Table 2 shows the distribution of the genotypic for the Ku80 G-1401T (rs828907) between gastric cancer patients and controls. The genotypic frequencies in both gastric cancer and control groups were in agreement with those predicted by Hardy-Weinberg equilibrium (P = NS). The distribution of the Ku80 G-1401T genotypes (GG, GT and TT) was markedly different between cases (65.6%, 22.8%, and 11.6%) and controls (75.8%, 17.6%, and 6.6%, P = 0.03). A significantly different distribution of the Ku80 G-1401T genotype was demonstrated among the cases and controls. As shown in Table 3, the frequency of T allele was significantly higher in gastric cancer patients than in control subjects (23.0% vs 15.4%, P = 0.002).

Table 2 Genotype of Ku80 G-1401T polymorphism in cases and controls n (%).
GenotypeCasesControl
GG158 (65.6)207 (75.8)
GT55 (22.8)48 (17.6)
TT28 (11.6)18 (6.6)
Table 3 Allele distribution of Ku80 G-1401T polymorphism in cases and controls n (%).
AlleleCasesControls
G371 (77.0)462 (84.6)
T111 (23.0)84 (15.4)
Stratified analyses for the variant Ku80 genotype in cases and controls

The multivariate logistic regression analysis was further used to evaluate the association between the G-1401T polymorphism and gastric cancer stratified by risk factors including age, sex, smoking and residence under control (Table 4). Adjusted OR (for age, sex, smoking status, residence, diabetes and hypertension) with 95% CI for mutant genotypes was all described. In statistical analyses stratified by the median age of controls (58 years), the increased risk associated with the GT/TT genotypes tended to be more evident in the younger subjects aged < 58 years (adjusted OR = 1.97, 95% CI: 1.05-2.90). However, we did not note a statistically significant inverse association with gastric cancer risk in older subjects aged ≥ 58 years (adjusted OR = 1.31, 95% CI: 0.88-1.96). The adjusted OR for the GT/GT genotypes was 1.81 (95% CI: 1.28-2.52) in male subjects and 1.33 (95% CI: 0.81-2.24) in female subjects. We did not note a statistically significant inverse association with gastric cancer risk in both non-smokers (adjusted OR = 1.48; 95% CI: 1.08-2.02) and smokers (adjusted OR = 2.52; 95% CI: 1.25-5.18). In urban subjects, there was significant evidence of an increased risk of gastric cancer in the variant genotypes (adjusted OR = 1.88; 95% CI: 1.26-2.76), while the association was not statistically significant in rural subjects (adjusted OR = 1.48; 95% CI: 0.99-2.15).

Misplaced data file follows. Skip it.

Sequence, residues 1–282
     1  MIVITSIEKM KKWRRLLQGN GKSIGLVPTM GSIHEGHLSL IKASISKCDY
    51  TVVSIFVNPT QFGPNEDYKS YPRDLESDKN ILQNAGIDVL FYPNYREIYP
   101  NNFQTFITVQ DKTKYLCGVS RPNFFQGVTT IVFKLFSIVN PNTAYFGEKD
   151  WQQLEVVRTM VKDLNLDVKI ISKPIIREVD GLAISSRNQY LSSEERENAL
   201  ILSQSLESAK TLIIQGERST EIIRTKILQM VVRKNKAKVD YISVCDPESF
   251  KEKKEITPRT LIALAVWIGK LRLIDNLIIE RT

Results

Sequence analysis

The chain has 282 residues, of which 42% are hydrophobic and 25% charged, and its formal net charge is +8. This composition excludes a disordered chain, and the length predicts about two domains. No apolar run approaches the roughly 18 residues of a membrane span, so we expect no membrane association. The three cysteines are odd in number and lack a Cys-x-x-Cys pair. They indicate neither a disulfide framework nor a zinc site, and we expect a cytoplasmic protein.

Table 4 Stratification analyses of the association between Ku80 polymorphism and risk of gastric cancer n (%).
VariableCases (n = 241)
Controls (n = 273)
Adjusted OR (95% CI)1P
GGGT + TTGGGT + TT
Age (yr) (median)
< 5876 (62.3)46 (37.7)109 (76.8)33 (23.2)1.97 (1.05-2.90)0.01
≥ 5882 (68.9)37 (31.1)98 (74.8)33 (25.2)1.31 (0.88-1.96)0.3
Sex
Male118 (65.2)63 (34.8)149 (77.2)44 (22.8)1.81 (1.28-2.52)0.01
Female40 (66.7)20 (33.3)58 (72.5)22 (27.5)1.33 (0.81-2.24)0.46
Smoking status
Smokers39 (63.9)22 (36.1)32 (82.1)7 (17.9)2.52 (1.25-5.18)0.051
Non-smokers119 (66.1)61 (33.9)175 (74.8)59 (25.2)1.48 (1.08-2.02)0.054
Residence